Thursday, September 25, 2014

A mysterious LBB (little black beetle)...

This just in: My initial identification of this thing appears to have been incorrect. I have edited the post accordingly. Thanks to Floyd Shockley for the correct identification: Micropsephodes lundgreni.

I may be able to announce one of our first new southeastern beetle discoveries today. I’ve spent the past few weeks sorting the rather large accumulation of unsorted beetles in the Clemson collection. This now includes many of the specimens collected since we moved to South Carolina. As I reached the end of one of these new trays there were some minute (~1.2mm) black beetles, collected by Katie and me back in March, that I did not immediately recognize, even to family. This is pretty rare and always exciting. The first specimen I looked at evidently had been collected dead, as it was missing most legs, antennae, even the labrum had broken off. While I knew it was interesting, I also knew it’d be an uphill battle to identify it based on what was still there. Fortunately two more intact specimens turned up in short order. I’ll show a few pictures first, with the spoilers to come later.

I must sheepishly admit that I did not immediately turn to the family key in the new American Beetles. I was convinced it must be something I’d recognize if I just went through the characters I could see in my head for a while. It was pretty clearly cucujoid, and I narrowed the possibilities down to just a couple families. Then I headed on to BugGuide, mainly to look at pictures of genera that I didn’t already know. It was among the endomychids that a the winning candidate finally emerged, a genus I’d never heard of: Rhymbomicrus (subfamily Anamorphinae – a heterogeneous assemblage in both name and composition [here is the point where I should have referred to a good key]!) LSAM folks had posted a few pictures of a specimen Matt Gimmel identified, good enough to suggest a confirm the genus at least. The first fun realization was that we didn't yet have any of this group in the collection, so these were at least new to Clemson. [This remains true; Micropsephodes lundgreni is still new to our collection.]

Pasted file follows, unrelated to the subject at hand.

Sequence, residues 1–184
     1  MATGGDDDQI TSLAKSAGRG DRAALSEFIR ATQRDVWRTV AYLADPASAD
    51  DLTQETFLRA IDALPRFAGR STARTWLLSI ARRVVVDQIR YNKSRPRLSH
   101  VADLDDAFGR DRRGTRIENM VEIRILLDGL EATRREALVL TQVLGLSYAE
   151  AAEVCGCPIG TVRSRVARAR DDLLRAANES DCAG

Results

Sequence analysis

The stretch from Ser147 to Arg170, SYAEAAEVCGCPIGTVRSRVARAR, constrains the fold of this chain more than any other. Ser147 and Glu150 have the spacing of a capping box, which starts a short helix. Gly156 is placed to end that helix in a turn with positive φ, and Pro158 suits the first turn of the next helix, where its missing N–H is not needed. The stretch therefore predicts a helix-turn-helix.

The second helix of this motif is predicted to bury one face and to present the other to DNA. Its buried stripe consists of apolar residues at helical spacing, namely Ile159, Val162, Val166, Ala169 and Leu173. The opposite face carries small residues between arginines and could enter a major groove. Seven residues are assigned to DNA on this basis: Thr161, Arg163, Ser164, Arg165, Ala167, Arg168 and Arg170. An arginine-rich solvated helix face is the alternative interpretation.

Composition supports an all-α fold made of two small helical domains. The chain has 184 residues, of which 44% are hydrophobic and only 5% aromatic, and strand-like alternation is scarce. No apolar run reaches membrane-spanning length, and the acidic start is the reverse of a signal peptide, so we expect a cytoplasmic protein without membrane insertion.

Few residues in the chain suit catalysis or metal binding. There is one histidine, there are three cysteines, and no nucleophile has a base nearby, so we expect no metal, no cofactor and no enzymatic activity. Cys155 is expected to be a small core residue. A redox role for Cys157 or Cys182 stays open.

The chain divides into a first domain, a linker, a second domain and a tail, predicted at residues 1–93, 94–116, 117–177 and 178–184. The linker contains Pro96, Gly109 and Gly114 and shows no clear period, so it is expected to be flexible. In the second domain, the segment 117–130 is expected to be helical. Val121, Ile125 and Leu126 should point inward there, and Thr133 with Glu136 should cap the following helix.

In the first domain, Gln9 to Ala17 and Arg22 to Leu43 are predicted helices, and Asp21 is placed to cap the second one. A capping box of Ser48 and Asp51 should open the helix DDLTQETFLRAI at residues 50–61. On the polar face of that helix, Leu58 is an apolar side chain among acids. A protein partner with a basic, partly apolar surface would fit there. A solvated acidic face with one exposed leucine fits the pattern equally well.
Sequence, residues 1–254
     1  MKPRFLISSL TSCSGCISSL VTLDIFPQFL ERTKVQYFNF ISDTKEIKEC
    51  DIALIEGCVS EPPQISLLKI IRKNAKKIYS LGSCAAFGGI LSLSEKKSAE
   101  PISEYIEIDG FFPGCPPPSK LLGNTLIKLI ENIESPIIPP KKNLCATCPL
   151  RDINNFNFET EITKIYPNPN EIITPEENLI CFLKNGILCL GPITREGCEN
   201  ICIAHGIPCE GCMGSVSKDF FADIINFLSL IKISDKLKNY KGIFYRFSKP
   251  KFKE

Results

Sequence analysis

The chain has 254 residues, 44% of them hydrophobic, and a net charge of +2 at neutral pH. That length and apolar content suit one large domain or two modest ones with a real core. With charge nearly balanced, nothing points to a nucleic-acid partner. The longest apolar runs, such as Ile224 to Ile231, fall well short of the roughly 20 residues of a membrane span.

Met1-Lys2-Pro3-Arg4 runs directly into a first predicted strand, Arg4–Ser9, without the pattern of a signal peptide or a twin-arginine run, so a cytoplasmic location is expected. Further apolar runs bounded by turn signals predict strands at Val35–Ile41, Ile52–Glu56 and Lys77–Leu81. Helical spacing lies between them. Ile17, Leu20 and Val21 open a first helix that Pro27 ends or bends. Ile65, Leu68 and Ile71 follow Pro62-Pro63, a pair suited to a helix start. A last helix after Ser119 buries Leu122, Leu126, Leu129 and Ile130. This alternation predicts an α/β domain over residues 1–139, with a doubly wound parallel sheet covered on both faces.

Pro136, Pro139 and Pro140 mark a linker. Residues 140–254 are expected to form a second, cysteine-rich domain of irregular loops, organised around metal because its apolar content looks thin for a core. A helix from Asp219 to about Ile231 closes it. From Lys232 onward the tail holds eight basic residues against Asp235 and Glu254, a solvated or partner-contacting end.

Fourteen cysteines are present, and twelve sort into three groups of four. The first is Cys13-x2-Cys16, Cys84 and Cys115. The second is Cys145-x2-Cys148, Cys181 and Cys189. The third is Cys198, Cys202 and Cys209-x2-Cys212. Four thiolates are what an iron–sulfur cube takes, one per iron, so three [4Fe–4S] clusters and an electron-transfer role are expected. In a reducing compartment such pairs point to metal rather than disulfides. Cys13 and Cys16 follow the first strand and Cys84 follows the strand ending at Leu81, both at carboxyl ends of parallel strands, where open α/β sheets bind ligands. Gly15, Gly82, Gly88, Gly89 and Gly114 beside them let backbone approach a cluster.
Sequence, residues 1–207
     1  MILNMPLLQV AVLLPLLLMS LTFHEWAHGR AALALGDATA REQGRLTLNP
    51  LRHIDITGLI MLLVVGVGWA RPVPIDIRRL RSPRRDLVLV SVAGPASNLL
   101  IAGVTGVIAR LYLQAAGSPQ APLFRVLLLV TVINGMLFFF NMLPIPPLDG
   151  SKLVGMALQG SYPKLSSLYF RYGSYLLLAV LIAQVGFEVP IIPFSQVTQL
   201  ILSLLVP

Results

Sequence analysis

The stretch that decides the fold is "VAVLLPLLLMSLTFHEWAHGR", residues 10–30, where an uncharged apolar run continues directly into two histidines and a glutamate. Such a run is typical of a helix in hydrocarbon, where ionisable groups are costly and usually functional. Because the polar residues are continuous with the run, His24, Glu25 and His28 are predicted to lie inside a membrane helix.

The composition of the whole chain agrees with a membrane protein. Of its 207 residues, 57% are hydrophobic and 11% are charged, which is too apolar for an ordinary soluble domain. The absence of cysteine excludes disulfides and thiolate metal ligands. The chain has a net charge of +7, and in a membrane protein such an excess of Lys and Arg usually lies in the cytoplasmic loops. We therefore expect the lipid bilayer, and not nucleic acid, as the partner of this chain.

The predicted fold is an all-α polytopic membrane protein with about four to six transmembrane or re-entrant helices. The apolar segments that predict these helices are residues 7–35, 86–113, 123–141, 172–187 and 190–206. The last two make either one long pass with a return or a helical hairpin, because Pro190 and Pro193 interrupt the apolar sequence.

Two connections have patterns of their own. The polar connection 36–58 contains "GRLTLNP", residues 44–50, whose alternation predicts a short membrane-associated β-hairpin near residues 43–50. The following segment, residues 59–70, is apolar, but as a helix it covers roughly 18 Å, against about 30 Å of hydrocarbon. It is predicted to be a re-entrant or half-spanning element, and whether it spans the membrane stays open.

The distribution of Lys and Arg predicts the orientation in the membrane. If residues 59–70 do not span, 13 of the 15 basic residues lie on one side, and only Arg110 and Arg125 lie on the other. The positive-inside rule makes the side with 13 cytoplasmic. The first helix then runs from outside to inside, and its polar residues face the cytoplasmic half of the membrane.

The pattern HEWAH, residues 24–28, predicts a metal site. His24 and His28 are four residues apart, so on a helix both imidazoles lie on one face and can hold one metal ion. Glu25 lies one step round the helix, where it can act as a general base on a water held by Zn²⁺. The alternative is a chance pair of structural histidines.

American Beetles revealed a revision done by Jim Pakaluk in 1987, published in the ESA Annals. So I had high hopes of identifying our specimens to species. These hopes were quickly dashed, since I had the genus wrongbut for what I expect will be an interesting reason. The genus includes only three North American species, and the key seems straightforward, running straight to Rhymbomicrus lobatus, the most widespread of the three (though never previously reported from South Carolina). However, nowhere in the key or in the description does it mention a very distinctive character of these – our lone male has a small hairy horn on the clypeus! This is best seen in the lateral view, if you compare the left figures (the male) with the right. It’s possible that this interesting sexual dimorphism was previously overlooked, but Jim and his publications are generally highly regarded, and with a fair bit of material available to him, it’s hard to believe. So it seems possible that we’re dealing with a new species in a poorly known and little documented group. Topping it all off is the fact that this was collected on the Botanic Garden grounds on the Clemson University campus. In Chris Carlton & Rich Leschen's original description of Micropsephodes lundgreni, the interesting sexual dimorphism is clearly figured and described, and this would have clinched the identification, had I not been misled by the close similarity of Rhymbomicrus. I am at least glad to see that both they and Floyd Shockley in a more recent note on the species have emphasized the sparseness of records for this species. So despite my initial misidentification, this remains an interesting and valuable record. As I’m always telling people, there are great discoveries to be made literally everywhere, if one takes the time to look.

Wrapping up my embarrassed updates, I frequently warn folks about the dangers inherent in using photo guides to make identifications. I thought I was exempt from my own warnings. In the midst of a diverse and new fauna, I am most certainly not!